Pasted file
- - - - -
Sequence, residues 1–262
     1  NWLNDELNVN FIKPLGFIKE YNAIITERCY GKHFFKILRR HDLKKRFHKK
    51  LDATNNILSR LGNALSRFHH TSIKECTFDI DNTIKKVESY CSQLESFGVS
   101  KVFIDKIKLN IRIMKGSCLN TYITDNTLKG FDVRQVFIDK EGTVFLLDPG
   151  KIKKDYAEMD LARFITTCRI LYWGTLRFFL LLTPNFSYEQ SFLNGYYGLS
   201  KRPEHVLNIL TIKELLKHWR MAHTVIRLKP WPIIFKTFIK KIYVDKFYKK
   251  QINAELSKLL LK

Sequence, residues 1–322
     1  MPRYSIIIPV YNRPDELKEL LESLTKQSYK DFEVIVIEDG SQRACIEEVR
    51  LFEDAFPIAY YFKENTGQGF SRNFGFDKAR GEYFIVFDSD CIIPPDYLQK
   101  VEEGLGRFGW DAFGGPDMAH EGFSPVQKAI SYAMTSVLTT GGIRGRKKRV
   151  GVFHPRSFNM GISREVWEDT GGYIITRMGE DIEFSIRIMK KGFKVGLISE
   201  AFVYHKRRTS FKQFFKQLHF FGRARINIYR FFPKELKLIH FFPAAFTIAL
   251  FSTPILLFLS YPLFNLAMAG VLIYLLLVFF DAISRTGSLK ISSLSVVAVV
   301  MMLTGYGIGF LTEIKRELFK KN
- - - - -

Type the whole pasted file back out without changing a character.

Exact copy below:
Sequence, residues 1–262
     1  NWLNDELNVN FIKPLGFIKE YNAIITERCY GKHFFKILRR HDLKKRFHKK
    51  LDATNNILSR LGNALSRFHH TSIKECTFDI DNTIKKVESY CSQLESFGVS
   101  KVFIDKIKLN IRIMKGSCLN TYITDNTLKG FDVRQVFIDK EGTVFLLDPG
   151  KIKKDYAEMD LARFITTCRI LYWGTLRFFL LLTPNFSYEQ SFLNGYYGLS
   201  KRPEHVLNIL TIKELLKHWR MAHTVIRLKP WPIIFKTFIK KIYVDKFYKK
   251  QINAELSKLL LK

Sequence, residues 1–322
     1  MPRYSIIIPV YNRPDELKEL LESLTKQSYK DFEVIVIEDG SQRACIEEVR
    51  LFEDAFPIAY YFKENTGQGF SRNFGFDKAR GEYFIVFDSD CIIPPDYLQK
   101  VEEGLGRFGW DAFGGPDMAH EGFSPVQKAI SYAMTSVLTT GGIRGRKKRV
   151  GVFHPRSFNM GISREVWEDT GGYIITRMGE DIEFSIRIMK KGFKVGLISE
   201  AFVYHKRRTS FKQFFKQLHF FGRARINIYR FFPKELKLIH FFPAAFTIAL
   251  FSTPILLFLS YPLFNLAMAG VLIYLLLVFF DAISRTGSLK ISSLSVVAVV
   301  MMLTGYGIGF LTEIKRELFK KN